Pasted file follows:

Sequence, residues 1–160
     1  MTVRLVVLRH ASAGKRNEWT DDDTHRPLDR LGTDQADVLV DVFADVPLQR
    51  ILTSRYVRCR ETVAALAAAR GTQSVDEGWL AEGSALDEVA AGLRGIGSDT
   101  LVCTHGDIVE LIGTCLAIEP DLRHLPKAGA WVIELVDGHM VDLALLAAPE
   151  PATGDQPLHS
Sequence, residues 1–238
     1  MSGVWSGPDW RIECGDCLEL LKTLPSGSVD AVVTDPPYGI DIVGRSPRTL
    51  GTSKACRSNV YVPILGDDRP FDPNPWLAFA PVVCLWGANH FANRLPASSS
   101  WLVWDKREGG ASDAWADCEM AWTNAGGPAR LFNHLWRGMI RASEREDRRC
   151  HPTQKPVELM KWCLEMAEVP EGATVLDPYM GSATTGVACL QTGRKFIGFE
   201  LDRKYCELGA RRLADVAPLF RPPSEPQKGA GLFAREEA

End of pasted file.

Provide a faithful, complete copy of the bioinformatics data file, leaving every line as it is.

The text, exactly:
Sequence, residues 1–160
     1  MTVRLVVLRH ASAGKRNEWT DDDTHRPLDR LGTDQADVLV DVFADVPLQR
    51  ILTSRYVRCR ETVAALAAAR GTQSVDEGWL AEGSALDEVA AGLRGIGSDT
   101  LVCTHGDIVE LIGTCLAIEP DLRHLPKAGA WVIELVDGHM VDLALLAAPE
   151  PATGDQPLHS
Sequence, residues 1–238
     1  MSGVWSGPDW RIECGDCLEL LKTLPSGSVD AVVTDPPYGI DIVGRSPRTL
    51  GTSKACRSNV YVPILGDDRP FDPNPWLAFA PVVCLWGANH FANRLPASSS
   101  WLVWDKREGG ASDAWADCEM AWTNAGGPAR LFNHLWRGMI RASEREDRRC
   151  HPTQKPVELM KWCLEMAEVP EGATVLDPYM GSATTGVACL QTGRKFIGFE
   201  LDRKYCELGA RRLADVAPLF RPPSEPQKGA GLFAREEA